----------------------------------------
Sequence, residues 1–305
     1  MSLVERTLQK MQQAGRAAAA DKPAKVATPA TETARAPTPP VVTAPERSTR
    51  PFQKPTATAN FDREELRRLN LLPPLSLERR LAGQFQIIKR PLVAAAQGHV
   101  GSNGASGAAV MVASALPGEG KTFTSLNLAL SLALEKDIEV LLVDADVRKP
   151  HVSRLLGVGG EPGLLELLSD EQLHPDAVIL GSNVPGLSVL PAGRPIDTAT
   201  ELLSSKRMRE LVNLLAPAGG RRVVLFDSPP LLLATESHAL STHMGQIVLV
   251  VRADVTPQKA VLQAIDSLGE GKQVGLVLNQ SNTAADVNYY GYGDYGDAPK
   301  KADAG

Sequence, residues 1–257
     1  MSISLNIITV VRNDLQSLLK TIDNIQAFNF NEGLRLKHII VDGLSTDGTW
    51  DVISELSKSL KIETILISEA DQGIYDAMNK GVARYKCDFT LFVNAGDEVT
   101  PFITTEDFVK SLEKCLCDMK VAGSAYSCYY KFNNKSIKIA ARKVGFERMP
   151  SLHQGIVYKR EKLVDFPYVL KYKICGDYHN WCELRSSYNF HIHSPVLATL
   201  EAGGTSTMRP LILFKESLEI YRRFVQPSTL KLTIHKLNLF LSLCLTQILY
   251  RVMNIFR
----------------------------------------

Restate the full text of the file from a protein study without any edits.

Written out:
Sequence, residues 1–305
     1  MSLVERTLQK MQQAGRAAAA DKPAKVATPA TETARAPTPP VVTAPERSTR
    51  PFQKPTATAN FDREELRRLN LLPPLSLERR LAGQFQIIKR PLVAAAQGHV
   101  GSNGASGAAV MVASALPGEG KTFTSLNLAL SLALEKDIEV LLVDADVRKP
   151  HVSRLLGVGG EPGLLELLSD EQLHPDAVIL GSNVPGLSVL PAGRPIDTAT
   201  ELLSSKRMRE LVNLLAPAGG RRVVLFDSPP LLLATESHAL STHMGQIVLV
   251  VRADVTPQKA VLQAIDSLGE GKQVGLVLNQ SNTAADVNYY GYGDYGDAPK
   301  KADAG

Sequence, residues 1–257
     1  MSISLNIITV VRNDLQSLLK TIDNIQAFNF NEGLRLKHII VDGLSTDGTW
    51  DVISELSKSL KIETILISEA DQGIYDAMNK GVARYKCDFT LFVNAGDEVT
   101  PFITTEDFVK SLEKCLCDMK VAGSAYSCYY KFNNKSIKIA ARKVGFERMP
   151  SLHQGIVYKR EKLVDFPYVL KYKICGDYHN WCELRSSYNF HIHSPVLATL
   201  EAGGTSTMRP LILFKESLEI YRRFVQPSTL KLTIHKLNLF LSLCLTQILY
   251  RVMNIFR